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Protesters attend a Feb. 17 rally at the Federal Courthouse in Fort Lauderdale, Fla., to demand government action on firearms. Their call to action was a response the Feb. 14 mass shooting at Marjory Stoneman Douglas High School in Parkland, Fla. 


It's been fascinating to watch how school districts around the nation and in the mid-valley have been preparing for the prospects of student walkouts today, the one-month anniversary of the shooting in Parkland, Florida.

It's a tricky balancing act for school administrators and trustees: How do you juggle students' First Amendment rights while, at the same time, minimizing the disruption to the normal school day? How do you handle the students who choose not to join the walkout? How do you ensure safety? Should administrators and school boards endorse the walkouts? 

Mid-valley school districts are trying to thread the needle as well, but we're not sure that any of them have found quite the right balance. We'll know more after 10 a.m. today, when students start their 17-minute walkout — one minute for every victim killed in the Feb. 14 attack at Marjory Stoneman Douglas High School. 

We still value the idea of local control of our schools, so it's no surprise that mid-valley districts are all over the map in terms of how they plan to react to the walkout.

On one hand, you have the Corvallis School District board, which unanimously approved a resolution supporting students who participate in both today's walkout and the "March for Our Lives" event scheduled for Corvallis at 10 a.m. on Saturday, March 24.

"We are following them," said school board member Terese Jones. "We should not insert ourselves into their message on an issue that we have failed to lead on."

Despite that, one wonders how the school board would react if it's approached by students who want to, let's say, stage a walkout in support of the Second Amendment.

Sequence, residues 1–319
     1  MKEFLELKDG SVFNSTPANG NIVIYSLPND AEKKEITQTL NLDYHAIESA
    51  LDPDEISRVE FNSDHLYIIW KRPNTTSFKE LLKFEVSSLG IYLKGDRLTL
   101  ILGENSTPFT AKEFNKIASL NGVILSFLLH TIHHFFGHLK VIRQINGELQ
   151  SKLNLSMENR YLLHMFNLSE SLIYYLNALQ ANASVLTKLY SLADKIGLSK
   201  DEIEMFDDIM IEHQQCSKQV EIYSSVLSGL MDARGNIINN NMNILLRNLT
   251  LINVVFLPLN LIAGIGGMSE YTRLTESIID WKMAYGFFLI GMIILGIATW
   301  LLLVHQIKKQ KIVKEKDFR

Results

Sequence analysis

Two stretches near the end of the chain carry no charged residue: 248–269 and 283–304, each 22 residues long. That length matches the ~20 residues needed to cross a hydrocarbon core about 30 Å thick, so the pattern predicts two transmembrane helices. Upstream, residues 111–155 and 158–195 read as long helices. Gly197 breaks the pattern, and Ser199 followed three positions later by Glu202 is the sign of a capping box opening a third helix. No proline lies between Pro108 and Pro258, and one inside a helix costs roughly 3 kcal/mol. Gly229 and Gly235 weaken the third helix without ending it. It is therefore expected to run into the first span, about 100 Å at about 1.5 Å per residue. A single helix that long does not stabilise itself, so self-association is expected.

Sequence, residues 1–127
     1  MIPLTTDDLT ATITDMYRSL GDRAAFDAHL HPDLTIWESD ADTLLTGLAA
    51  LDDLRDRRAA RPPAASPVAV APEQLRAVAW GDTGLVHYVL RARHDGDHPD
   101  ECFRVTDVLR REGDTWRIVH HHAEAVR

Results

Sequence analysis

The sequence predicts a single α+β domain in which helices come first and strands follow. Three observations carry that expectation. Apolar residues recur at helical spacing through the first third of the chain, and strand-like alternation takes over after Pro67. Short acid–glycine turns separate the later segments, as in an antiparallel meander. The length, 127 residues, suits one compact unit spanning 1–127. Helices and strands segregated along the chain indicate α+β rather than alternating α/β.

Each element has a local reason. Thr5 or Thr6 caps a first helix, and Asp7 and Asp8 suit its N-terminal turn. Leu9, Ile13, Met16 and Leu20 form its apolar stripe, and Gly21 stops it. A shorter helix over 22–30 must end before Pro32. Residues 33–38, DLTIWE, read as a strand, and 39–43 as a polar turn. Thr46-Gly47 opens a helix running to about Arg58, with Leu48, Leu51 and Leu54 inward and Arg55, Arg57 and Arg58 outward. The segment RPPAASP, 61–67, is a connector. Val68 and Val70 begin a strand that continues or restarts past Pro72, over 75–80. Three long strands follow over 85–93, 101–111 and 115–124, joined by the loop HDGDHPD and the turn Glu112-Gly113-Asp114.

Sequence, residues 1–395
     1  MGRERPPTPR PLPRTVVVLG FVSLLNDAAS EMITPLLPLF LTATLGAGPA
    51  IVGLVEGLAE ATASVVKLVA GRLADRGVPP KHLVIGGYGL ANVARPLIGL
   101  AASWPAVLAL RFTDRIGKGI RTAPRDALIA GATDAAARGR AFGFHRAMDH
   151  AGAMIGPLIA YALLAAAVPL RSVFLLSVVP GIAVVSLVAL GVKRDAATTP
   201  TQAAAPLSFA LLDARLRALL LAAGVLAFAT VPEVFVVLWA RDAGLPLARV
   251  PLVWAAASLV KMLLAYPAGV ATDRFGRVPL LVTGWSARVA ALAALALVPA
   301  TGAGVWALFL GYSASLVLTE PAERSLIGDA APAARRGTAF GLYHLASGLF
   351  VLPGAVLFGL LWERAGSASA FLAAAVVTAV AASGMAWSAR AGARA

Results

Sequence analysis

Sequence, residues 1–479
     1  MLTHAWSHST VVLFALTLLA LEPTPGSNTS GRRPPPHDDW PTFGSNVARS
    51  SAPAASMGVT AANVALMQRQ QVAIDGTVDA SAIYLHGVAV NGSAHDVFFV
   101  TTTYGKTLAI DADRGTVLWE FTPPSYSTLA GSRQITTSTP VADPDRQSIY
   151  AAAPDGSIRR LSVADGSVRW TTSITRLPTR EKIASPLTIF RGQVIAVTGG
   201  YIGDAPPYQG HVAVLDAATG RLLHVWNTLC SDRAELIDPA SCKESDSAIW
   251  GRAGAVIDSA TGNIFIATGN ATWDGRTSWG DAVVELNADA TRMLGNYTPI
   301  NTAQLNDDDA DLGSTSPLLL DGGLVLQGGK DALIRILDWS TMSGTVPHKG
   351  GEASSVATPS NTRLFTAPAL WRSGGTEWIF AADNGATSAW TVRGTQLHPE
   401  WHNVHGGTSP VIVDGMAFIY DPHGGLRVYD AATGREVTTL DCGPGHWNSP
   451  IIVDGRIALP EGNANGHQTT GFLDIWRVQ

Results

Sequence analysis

On the other hand, students in Sweet Home who participate in the walkout will face the same sort of sanctions that would be imposed against any student who leaves a classroom without permission. "Regarding walkouts, our job is to teach students, have them in school supervised and participating in learning," said Tom Yahraes, the Sweet Home superintendent.

And there's something to be said for that approach, although it doesn't fully take into account that the walkout involves an issue that really should transcend politics or protest: The idea that schools should be places where everyone should be safe. (And, truth is, that's almost always true. But you can see how massacres like the ones in Parkland would affect students on a personal level.)

It took Albany school officials too long to settle on their approach: The district said it would designate Wednesday as "School Safety Day," which allowed rumors to spread about how Albany schools would hold lockdown drills at 10 a.m. Wednesday. Parents told the school board Monday that those plans came across as a clumsy and tone-deaf way to block students who planned to join the protest.

The district, to its credit, has modified its directions and now is urging schools to set aside supervised places, such as a gym, library or classroom, for students to observe the 17-minute walkout. Micah Smith, the chairman of the school board, emphasized that the district cannot endorse the walkout.

We think Lebanon has come closest to striking just the right balance: Students can participate in the walkout if they choose and will not be disciplined for doing so. Students will be directed to a safe place to assemble. Teachers will not participate in the walkout; they will continue to teach. Students will be supervised by administrative and classified staff. 

On some level, it has to be gratifying for school officials and teachers to see their students engaged in the world; such engagement is one of the goals of any good education system. But that engagement shouldn't come without serious thought as students, teachers and administrators seek the right approach to a complicated equation. (mm)


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